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A Non-Lethal Management Guide for Gunnison’s Prairie Dogs

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Gunnison’s prairie dog (Cynomys gunnisoni)—a native to the Four Corners region—is a keystone species whose burrowing and feeding habits keep prairie grasses healthy and help rainwater infiltrate deeply into the soil. Prairie dog burrows provide shelter for other species like burrowing owls, small mammals, snakes, lizards, and invertebrates. Prairie dogs are an important food source for many animals including hawks and the endangered black-footed ferret. Despite all their benefits, their burrowing and foraging can be, or perceived to be, incompatible with certain human land uses.

This handbook is a summary of humane, non-lethal methods for removing prairie dogs and preventing future colonization by using barriers. The methods described in this handbook have been developed by professionals with extensive knowledge of prairie dog natural history and hands-on experience helping landowners to create spaces free of prairie dogs. Methods are substantiated, but not scientifically proven, by the experiences of those interviewed. This handbook is an effort to provide a compilation of the best information currently available.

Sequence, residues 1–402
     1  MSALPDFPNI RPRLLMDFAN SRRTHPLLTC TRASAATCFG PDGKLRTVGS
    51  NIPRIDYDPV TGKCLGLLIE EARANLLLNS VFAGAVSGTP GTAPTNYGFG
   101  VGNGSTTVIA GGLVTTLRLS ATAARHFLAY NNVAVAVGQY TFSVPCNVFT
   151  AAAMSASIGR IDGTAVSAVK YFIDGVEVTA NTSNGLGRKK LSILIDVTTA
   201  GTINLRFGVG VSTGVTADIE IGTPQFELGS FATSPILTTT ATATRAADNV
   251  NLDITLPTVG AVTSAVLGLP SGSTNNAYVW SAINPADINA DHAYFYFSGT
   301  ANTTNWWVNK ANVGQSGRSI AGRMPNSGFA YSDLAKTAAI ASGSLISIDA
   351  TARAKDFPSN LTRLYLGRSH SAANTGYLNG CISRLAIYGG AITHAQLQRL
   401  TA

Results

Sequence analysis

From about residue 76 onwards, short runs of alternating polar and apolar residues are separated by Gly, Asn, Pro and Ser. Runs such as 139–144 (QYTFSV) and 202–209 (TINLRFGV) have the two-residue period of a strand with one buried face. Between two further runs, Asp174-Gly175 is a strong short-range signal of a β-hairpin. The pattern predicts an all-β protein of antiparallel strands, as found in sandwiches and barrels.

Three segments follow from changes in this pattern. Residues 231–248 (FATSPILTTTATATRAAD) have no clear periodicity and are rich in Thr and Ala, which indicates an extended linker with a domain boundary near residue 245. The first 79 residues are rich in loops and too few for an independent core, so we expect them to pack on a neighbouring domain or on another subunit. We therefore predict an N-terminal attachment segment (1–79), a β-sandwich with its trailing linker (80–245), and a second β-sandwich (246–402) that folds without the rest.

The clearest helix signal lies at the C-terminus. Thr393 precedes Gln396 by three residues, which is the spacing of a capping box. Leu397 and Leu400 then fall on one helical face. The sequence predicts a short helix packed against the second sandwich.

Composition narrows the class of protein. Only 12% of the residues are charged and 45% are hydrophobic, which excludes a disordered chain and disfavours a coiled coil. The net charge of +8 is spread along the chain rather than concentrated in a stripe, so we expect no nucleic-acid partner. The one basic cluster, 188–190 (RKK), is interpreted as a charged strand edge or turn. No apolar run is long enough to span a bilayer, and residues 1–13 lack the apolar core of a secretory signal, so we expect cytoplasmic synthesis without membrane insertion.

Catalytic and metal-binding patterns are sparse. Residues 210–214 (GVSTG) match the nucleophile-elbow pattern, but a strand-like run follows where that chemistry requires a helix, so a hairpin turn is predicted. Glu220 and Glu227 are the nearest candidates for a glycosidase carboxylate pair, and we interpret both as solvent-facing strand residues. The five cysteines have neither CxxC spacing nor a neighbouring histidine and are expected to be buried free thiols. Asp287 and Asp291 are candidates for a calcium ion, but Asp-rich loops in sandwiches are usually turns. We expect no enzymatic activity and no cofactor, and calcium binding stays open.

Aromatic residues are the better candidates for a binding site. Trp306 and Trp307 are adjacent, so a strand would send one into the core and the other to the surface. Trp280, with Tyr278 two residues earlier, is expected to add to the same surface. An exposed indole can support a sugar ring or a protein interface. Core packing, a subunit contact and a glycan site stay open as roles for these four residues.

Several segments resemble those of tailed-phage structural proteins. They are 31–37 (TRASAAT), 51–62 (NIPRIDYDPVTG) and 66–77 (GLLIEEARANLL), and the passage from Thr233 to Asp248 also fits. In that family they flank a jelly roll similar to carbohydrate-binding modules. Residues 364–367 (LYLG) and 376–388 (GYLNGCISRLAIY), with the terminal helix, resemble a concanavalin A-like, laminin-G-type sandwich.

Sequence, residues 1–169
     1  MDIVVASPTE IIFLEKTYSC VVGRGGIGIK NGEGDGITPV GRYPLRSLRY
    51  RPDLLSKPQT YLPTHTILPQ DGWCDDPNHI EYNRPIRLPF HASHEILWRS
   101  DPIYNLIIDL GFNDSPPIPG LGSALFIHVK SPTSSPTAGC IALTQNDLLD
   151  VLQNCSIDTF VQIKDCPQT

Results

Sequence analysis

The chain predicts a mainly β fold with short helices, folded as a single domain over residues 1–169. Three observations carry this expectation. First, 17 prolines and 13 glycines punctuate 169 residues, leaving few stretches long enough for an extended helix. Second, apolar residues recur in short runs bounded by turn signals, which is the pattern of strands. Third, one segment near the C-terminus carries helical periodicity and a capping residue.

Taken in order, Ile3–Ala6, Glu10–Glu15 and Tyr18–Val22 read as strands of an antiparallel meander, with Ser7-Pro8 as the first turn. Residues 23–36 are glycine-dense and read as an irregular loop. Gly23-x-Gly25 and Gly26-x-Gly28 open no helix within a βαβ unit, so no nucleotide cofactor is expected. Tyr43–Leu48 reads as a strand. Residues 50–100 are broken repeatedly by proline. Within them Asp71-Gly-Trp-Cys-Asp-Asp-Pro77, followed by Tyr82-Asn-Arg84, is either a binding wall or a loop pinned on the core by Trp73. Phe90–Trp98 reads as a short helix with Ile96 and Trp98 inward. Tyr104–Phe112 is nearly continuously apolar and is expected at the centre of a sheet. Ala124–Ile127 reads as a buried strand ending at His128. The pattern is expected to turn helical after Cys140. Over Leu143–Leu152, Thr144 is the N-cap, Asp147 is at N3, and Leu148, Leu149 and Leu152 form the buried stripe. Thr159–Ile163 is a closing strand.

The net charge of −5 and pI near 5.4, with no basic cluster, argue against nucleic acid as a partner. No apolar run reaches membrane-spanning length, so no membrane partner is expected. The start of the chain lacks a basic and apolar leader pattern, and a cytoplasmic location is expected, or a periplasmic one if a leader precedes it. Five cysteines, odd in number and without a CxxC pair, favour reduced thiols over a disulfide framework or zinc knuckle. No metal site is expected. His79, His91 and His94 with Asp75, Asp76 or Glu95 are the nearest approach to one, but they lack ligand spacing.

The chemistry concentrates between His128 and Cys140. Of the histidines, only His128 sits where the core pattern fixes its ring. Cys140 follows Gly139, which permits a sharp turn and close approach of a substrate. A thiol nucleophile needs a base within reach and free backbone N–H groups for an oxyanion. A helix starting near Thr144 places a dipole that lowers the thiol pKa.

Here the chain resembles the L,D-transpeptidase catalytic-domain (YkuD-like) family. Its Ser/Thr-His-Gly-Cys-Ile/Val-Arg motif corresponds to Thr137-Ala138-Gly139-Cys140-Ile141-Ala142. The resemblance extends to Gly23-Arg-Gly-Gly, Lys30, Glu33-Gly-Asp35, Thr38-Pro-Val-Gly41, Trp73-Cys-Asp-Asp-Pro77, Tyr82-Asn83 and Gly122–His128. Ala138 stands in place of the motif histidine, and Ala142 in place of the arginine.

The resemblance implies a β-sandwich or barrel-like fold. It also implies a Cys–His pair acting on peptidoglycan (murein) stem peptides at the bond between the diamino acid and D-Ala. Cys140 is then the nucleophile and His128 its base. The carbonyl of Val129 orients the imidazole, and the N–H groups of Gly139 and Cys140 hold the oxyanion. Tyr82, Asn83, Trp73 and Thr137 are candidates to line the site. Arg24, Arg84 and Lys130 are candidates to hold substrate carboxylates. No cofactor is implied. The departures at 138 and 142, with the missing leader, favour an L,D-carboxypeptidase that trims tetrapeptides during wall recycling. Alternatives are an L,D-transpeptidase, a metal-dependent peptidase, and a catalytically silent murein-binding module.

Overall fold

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RDT Field Notes Spreadsheet

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This project made possible by a grant from Arizona Game and Fish Department Heritage Fund and the City of Flagstaff.

Prairie Dog Life

Click on the burrow images to find out more.

Nursing Chamber

A mother keeps her young pups safe while the other Prairie Dogs investigate the snake.

Entering the Burrow

A prairie dog hears an emergency cry of "snake" and goes to investigate.

Listening chamber

A prairie dog sits listening just beneath the surface of the ground.

The Rattlesnake

The rattlesnake found a prairie dog burrow to sleep in but has been discovered by the prairie dogs.

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